SUMMER ON FIRE, my debut novel, will be released in one month. People tend to consider the release date the birth of the book. If this is the case, some books have a hell of a long gestation period! SUMMER was a seed in my belly on November 1st, 2003. I started to feed that seed on that very day. It was my first NANOWRIMO novel.
I did not finish Nanowrimo that year. The object is to write 50,000 words during the month of November. I wrote about 25,000. I was disappointed that I did not reach the goal…but then I realized that the goal of Nanowrimo isn’t really the 50K word count. It’s more about BIC (Bum in Chair) time. Nano is about dedicating time to writing…and getting that BIC and working. That’s what I did in 2003. I sat. I wrote. By the end of the month I had something I was really excited about. The beginnings of a story of three boys…and their search for a firm moral ground to stand on in the midst of the chaos around them. I put those boys through some tough times. But I had faith in them…I hoped that I raised them with enough gumption to get to the end in one piece. But once you raise them and let them go into their own stories, you never know what’s going to happen. You hope you gave them the right tools to work with. You hope you taught them—wait! These aren’t children. These are characters.
I took it slow and easy with SUMMER, after the initial Nanowrimo marathon. It actually took me several years to bring the boys to the end of their story. But with dedication–and the help of a wonderful critique group–I got them there! And then I edited their story. Then I edited it again. Then I edited it again. And again. I really worked hard on this story. Thanks to that critique group, I took a very minor character who appeared in one chapter and I worked her into the rest of the novel. The group of eight writers (and friends!) asked for more and more of this character. So she became a savior of sorts for my three boys.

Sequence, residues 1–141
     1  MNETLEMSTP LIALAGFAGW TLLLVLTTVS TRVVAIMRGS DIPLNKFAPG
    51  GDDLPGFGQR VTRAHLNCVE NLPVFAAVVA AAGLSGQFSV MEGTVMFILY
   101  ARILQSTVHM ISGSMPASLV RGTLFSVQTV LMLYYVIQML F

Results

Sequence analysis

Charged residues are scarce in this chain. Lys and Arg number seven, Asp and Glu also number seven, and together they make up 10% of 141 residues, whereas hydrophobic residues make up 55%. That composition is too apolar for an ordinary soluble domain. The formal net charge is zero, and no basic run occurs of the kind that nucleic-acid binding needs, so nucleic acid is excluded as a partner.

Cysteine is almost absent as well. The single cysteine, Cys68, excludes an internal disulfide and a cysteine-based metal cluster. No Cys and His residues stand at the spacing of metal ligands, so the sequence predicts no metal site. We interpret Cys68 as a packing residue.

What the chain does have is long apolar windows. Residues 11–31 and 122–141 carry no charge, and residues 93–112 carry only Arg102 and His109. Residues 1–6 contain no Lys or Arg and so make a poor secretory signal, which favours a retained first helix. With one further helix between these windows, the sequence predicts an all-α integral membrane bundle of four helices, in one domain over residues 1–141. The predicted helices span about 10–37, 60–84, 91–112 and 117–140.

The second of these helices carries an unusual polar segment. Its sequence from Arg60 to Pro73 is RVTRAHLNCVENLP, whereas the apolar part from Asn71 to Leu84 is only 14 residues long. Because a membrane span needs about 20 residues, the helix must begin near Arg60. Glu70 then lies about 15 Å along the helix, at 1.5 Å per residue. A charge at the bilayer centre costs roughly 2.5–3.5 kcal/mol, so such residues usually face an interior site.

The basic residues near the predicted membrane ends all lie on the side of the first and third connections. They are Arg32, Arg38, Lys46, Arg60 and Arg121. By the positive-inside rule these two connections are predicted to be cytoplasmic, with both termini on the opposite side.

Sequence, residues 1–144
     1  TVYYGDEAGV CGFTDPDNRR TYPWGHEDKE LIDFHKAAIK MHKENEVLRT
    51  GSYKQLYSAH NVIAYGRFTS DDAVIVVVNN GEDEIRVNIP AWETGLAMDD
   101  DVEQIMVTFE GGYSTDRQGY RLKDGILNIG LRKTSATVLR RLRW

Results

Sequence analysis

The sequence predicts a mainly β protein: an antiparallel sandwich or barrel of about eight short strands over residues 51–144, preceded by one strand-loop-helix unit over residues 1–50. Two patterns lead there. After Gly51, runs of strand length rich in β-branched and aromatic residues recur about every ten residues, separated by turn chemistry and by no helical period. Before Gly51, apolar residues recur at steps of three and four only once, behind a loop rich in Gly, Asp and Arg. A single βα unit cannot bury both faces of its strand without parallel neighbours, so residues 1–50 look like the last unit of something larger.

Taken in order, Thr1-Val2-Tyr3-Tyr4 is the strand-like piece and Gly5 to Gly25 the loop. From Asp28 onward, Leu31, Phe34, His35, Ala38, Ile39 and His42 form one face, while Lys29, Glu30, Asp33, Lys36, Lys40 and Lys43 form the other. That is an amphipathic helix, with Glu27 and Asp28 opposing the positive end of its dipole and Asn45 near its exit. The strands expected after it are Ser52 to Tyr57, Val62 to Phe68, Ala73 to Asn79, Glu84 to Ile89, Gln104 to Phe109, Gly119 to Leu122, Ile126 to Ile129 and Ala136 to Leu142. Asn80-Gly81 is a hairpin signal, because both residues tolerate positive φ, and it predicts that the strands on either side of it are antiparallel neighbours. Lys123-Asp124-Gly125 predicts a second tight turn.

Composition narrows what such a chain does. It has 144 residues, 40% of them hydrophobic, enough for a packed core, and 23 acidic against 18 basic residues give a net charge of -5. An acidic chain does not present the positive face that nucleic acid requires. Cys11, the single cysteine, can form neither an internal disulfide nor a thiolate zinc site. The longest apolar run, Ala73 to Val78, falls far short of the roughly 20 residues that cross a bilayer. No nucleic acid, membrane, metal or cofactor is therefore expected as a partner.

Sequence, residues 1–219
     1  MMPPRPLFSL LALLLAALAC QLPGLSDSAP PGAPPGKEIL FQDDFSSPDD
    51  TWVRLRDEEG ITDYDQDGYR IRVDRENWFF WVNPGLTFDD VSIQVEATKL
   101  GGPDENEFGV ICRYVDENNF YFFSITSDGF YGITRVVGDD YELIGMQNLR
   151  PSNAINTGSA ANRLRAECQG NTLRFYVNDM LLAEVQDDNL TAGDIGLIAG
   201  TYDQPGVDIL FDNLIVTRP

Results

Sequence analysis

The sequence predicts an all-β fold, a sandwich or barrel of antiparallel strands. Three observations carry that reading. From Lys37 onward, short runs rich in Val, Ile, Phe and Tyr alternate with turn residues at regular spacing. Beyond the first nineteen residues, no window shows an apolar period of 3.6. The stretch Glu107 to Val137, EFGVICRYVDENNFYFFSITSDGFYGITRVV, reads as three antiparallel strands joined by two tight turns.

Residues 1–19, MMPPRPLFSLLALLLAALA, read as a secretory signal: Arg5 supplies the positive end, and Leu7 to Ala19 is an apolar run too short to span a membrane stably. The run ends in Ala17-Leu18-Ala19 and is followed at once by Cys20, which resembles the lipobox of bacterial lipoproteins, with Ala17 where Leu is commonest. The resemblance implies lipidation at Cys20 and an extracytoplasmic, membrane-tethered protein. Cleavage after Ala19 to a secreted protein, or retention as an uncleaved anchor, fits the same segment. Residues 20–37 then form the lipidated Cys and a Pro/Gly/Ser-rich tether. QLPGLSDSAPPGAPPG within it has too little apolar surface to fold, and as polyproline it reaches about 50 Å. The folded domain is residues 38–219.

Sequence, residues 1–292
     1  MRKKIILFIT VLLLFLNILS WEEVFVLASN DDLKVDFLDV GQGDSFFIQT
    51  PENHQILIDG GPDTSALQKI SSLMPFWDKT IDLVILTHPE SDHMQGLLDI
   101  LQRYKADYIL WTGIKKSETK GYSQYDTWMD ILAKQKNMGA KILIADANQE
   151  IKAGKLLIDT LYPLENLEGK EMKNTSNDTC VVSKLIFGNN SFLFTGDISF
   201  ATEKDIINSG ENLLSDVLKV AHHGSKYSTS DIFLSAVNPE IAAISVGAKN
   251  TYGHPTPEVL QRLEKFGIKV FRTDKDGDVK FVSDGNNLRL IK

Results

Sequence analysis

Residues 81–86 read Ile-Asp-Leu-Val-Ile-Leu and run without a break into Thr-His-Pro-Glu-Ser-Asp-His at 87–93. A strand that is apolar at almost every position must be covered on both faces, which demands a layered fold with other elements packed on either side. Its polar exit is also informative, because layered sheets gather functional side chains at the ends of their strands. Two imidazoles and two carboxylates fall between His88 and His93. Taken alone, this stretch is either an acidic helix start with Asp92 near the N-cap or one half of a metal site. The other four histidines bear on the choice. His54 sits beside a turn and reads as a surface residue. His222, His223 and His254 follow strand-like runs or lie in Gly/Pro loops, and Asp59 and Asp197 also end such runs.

To continue with the birthing analogy, SUMMER had several births. Every pass I took through this novel was another birth…and every one had birthing pains. Contractions at the thoughts of losing parts and contractions while inserting new parts. It’s all a patchwork quilt that you hope is at its finest on the eventual (hopefully) actual birth date. PUBLICATION. I think I did my best with Summer. I kicked and screamed along the way. I laughed. I cried. I begged for the pain to stop. I wept with joy each time I arrived at the end and looked into the eyes of my baby. I screamed at my muse a few times, saying, “DON’T COME NEAR ME! DON’T TOUCH ME!!! YOU DID THIS TO ME!”
Now it’s time to get to the delivery room. The final birthing pains are about to arrive. The anxiety of wondering if the baby is going to be fully and completely there. I will be looking for 10 fingers and 10 toes. I will hope for eyes and ears and hair and elbows. I will look at the umbilical cord and struggle with the thought of cutting it…of letting my baby go off into the world unattached to my core. It’s a hard thing, this birthing. It fills one with a great wall of fear (Will people love my baby, or will they scoff at it? Will they embrace it, or will they kick it to the curb?). But it is also a wonderful occasion. You always wonder what your baby is going to look like. And like it or not, it doesn’t always feel real until you can hold it in your hands.
In one month, I will finally be able to call myself an author. And I have SO many people to thank for that. Too many to mention. But I love them all. For one reason or another, they believed in me. And with the backing of friends and loved ones…you can achieve anything. Even the great miracle of birth!